Feinberg’s question is what distinguishes punishment from mere penalties. His answer is that punishment has an expressive function that penalties lack.
As evidence, he gives several cases of punishment that fit neither the utilitarian nor the retributive theories. In one kind of case, for example, it matters who inflicts punishment beyond what the punishment itself involves. That is not covered by either of the two theories.
Feinberg then uses the expressive theory to smoke out sneaky attempts to punish people while avoiding the normal legal constraints on doing so, to explain why strict liability is tolerated when fines are the punishments but not when the punishment involves imprisonment, and to solve a problem with the justification of punishment that the retributive theory fails to solve.
We talked a bit about whether Feinberg’s theory could be useful in discussing the confiscation of property in drug cases, known as asset forfeiture. What happens is that law enforcement agencies confiscate property of people accused of violating drug laws and don’t return it even if they are not actually convicted.** Read more here and here.
It seems to me that it depends on what is happening in these cases. If confiscation of property is meant to express disapproval of people who are accused, but not convicted, of drug crimes, then we could use Feinberg’s analysis. That is, we could say that the expression of disapproval shows that this is punishment. Since it is meted out without passing through the normal procedures for punishment, it is illegitimate.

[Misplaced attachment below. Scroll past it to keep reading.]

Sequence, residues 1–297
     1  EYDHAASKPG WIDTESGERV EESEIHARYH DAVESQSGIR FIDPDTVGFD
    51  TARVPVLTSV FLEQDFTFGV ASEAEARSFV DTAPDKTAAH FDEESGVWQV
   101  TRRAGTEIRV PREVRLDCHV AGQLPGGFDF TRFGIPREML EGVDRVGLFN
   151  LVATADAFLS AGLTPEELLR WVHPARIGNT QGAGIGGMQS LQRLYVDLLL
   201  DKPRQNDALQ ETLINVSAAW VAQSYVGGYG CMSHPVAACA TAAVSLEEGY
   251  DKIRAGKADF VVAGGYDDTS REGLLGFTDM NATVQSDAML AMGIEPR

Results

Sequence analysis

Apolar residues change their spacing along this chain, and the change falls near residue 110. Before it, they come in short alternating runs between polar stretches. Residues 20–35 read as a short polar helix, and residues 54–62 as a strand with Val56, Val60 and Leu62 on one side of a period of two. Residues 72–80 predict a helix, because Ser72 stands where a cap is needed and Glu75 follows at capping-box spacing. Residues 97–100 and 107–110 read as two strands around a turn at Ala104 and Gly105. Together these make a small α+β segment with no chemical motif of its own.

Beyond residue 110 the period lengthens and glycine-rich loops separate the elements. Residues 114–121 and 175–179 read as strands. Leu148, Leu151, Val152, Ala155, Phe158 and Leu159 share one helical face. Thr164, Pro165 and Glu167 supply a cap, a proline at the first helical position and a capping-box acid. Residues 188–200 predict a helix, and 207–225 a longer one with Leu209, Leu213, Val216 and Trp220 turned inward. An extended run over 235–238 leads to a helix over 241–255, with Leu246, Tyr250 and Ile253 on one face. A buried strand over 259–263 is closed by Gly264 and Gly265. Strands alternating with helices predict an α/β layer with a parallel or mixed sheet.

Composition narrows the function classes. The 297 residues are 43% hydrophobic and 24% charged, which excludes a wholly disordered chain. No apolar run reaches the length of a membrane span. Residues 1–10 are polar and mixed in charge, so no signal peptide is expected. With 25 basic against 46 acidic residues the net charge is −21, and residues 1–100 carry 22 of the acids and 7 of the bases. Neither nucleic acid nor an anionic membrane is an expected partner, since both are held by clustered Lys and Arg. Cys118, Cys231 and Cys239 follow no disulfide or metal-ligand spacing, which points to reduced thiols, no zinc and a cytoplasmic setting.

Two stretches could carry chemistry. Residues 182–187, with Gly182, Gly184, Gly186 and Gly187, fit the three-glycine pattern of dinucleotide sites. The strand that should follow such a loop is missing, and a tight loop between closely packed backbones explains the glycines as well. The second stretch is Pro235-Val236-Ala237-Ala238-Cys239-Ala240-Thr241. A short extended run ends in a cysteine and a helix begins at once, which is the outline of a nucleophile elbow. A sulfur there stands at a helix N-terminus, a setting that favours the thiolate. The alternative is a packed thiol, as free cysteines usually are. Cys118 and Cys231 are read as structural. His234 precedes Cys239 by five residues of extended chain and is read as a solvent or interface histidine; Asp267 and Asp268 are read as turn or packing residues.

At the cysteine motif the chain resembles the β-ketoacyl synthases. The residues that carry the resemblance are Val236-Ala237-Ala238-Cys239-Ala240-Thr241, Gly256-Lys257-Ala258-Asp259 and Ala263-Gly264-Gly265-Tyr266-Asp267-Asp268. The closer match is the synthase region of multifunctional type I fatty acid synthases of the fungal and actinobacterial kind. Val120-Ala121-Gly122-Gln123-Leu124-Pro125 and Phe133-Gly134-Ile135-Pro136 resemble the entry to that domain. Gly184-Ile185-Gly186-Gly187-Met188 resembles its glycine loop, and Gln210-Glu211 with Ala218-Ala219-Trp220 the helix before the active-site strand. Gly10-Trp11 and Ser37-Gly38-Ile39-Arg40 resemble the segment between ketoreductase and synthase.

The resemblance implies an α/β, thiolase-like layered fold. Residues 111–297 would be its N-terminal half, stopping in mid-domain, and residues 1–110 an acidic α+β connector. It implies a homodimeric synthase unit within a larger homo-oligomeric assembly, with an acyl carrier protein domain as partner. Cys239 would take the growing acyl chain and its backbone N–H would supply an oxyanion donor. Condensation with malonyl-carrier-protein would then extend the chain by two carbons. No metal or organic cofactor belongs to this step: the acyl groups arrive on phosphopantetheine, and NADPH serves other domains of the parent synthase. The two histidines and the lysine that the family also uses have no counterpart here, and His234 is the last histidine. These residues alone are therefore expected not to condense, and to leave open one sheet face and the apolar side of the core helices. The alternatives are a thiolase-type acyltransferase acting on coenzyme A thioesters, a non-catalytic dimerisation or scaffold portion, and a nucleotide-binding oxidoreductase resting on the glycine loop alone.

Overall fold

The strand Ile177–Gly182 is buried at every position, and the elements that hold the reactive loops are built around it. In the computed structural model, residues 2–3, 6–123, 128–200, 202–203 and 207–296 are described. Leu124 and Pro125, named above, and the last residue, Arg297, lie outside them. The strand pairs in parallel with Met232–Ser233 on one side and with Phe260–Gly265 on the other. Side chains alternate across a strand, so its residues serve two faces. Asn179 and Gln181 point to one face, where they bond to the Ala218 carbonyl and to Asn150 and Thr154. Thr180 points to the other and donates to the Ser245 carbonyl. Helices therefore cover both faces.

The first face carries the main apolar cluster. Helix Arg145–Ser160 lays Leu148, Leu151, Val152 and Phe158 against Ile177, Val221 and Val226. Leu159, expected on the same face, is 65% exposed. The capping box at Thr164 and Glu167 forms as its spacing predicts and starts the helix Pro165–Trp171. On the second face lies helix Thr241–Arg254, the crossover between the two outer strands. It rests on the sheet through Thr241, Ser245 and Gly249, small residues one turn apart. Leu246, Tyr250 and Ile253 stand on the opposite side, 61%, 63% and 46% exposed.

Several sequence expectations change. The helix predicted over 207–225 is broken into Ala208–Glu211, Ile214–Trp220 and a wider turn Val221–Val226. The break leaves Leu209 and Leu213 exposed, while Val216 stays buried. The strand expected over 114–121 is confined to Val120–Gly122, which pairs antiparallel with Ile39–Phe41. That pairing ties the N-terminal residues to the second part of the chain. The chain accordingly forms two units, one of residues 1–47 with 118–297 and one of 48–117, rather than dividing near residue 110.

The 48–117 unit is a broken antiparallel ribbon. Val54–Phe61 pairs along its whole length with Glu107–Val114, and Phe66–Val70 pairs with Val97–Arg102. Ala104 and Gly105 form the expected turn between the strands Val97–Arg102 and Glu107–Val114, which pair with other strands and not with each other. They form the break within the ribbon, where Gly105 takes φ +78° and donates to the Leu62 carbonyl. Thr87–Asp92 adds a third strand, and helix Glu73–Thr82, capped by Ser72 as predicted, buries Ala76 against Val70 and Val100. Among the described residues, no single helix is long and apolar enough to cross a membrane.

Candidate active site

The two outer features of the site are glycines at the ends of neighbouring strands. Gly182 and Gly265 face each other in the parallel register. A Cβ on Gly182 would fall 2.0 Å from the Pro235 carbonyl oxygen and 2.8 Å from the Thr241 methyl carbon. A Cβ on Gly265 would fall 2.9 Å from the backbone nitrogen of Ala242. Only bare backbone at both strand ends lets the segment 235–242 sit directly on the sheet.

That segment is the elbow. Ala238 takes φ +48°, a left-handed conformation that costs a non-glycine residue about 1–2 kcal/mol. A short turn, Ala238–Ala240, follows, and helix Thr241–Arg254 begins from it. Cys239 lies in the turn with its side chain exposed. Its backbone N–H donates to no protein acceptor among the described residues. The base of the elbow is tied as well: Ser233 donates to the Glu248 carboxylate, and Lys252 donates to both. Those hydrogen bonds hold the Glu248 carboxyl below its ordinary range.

But I suspect that what’s going on is more simple than that. It’s that this is a corrupt practice in which the law has been bent to enable public agencies to steal from innocent people. If so, you don’t need anything fancy about punishment to say what’s wrong with the practice.
We ended with Feinberg’s arguments that the expressive theory does a better job of justifying punishment than retributivism does. I said that I thought Feinberg scored one point with his argument that punishment always hurts the innocent as well as the guilty. If so, there’s no way of meeting the retributivist requirement that punishment hurt all and only the guilty. The expressive theory, by contrast, can avoid this problem. The innocent are hurt when the guilty are punished, but only the guilty have society’s disapproval expressed towards them.
We were less certain about Feinberg’s other arguments. We didn’t see why it would be easier to obtain the information needed to put the expressive theory into practice than it is to obtain the information required to put the retributive theory into practice.